November 16, 2008

Brooklyn's Latest Brush With Art

Bushwick Area Is Winning Street Cred With Its Offbeat Venues and Daring Displays

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By Andrea Sachs
Washington Post Staff Writer
Sunday, November 16, 2008
Things change in New York City's art world in a matter of moments. Bushwick's moment is coming.
"It's happening fast. There is a whole slew of emerging artists moving to Bushwick," said Sara DeRose, marketing communications director of the Brooklyn Arts Council. "It's the next big place."

Over the past few years, the two-square-mile Brooklyn neighborhood has been attracting visionaries outpriced by neighboring Williamsburg or disillusioned by Chelsea's artiste scene. Studios, galleries and spaces that defy categorization are appearing in former bodegas, 99-cent stores and other non-glamorous structures. The pieces on exhibit are daring, a tad risque and sometimes befuddling. (A mountain of melted plastic? Hmmm.) The art spills outdoors as well, with multi-story murals electrifying drab exteriors and graffiti adorning surfaces that can't defend themselves.

"There is a lot more experimental art here, partially because people don't have the structural constraints where they are trying to keep up with the galleries," says Laura Braslow, an organizer with Arts in Bushwick, a volunteer group that supports local artists and plans community projects. "The Bushwick art scene is not about sipping wine and looking at white walls."

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November 13, 2008

Raphael's Madonna of the Goldfinch restored

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The Telegraph

A five-century-old Renaissance painting that was smashed to pieces just 41 years after its creation is to appear on display after a decade of intensive restoration.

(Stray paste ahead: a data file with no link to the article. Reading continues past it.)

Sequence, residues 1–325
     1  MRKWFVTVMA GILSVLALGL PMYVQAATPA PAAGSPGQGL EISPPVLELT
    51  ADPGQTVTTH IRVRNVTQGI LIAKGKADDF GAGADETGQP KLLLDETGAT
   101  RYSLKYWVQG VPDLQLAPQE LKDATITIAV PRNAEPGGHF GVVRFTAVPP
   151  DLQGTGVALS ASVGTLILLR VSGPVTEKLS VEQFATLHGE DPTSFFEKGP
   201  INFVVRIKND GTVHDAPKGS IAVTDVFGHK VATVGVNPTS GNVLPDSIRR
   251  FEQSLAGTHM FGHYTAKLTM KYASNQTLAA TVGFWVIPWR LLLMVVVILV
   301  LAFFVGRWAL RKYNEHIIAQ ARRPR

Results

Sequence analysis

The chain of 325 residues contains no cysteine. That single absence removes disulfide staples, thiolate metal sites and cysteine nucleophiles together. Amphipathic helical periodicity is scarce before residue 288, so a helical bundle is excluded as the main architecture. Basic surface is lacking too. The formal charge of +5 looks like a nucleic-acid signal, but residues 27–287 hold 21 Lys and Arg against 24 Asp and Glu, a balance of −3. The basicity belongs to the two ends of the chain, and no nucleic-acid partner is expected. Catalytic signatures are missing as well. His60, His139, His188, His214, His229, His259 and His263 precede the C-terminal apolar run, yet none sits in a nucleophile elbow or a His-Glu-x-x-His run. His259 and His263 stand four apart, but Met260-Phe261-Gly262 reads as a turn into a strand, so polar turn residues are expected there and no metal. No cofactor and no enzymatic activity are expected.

Raphael's Madonna of the Goldfinch - or Madonna del cardellinoas it is known in Italian - was shattered into 17 pieces when the house of its owner collapsed in 1547.

The work was just 41 years old. It was nailed together again before being painted over time and again to hide the cracks.

A grimy brown film of dirt and dust, built up over five centuries, also conspired to rob it of its blue, red and golden hues. But after 10 years of microscopic restoration it is to be put on show again in the Uffizi Gallery in Florence.

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October 28, 2008

A Jazz Night to Remember

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The unique magic of Keith Jarrett's 'The Köln Concert'

The Wall Street Journal
Corrina Da Fonseca-Wollheim

It is the most successful solo jazz album of all time, but Keith Jarrett wants to see each of the 3.5 million copies of "The Köln Concert" stomped into the ground. Recorded on Jan. 24, 1975, in front of a live audience in the Cologne opera house, the hauntingly lyrical free improvisation became as much a part of '70s ambiance as the scent of pot and patchouli. In an interview with the German magazine Der Spiegel in 1992, Mr. Jarrett complained that the album had become nothing more than a soundtrack. "We also have to learn to forget music," he added. "Otherwise we become addicted to the past."

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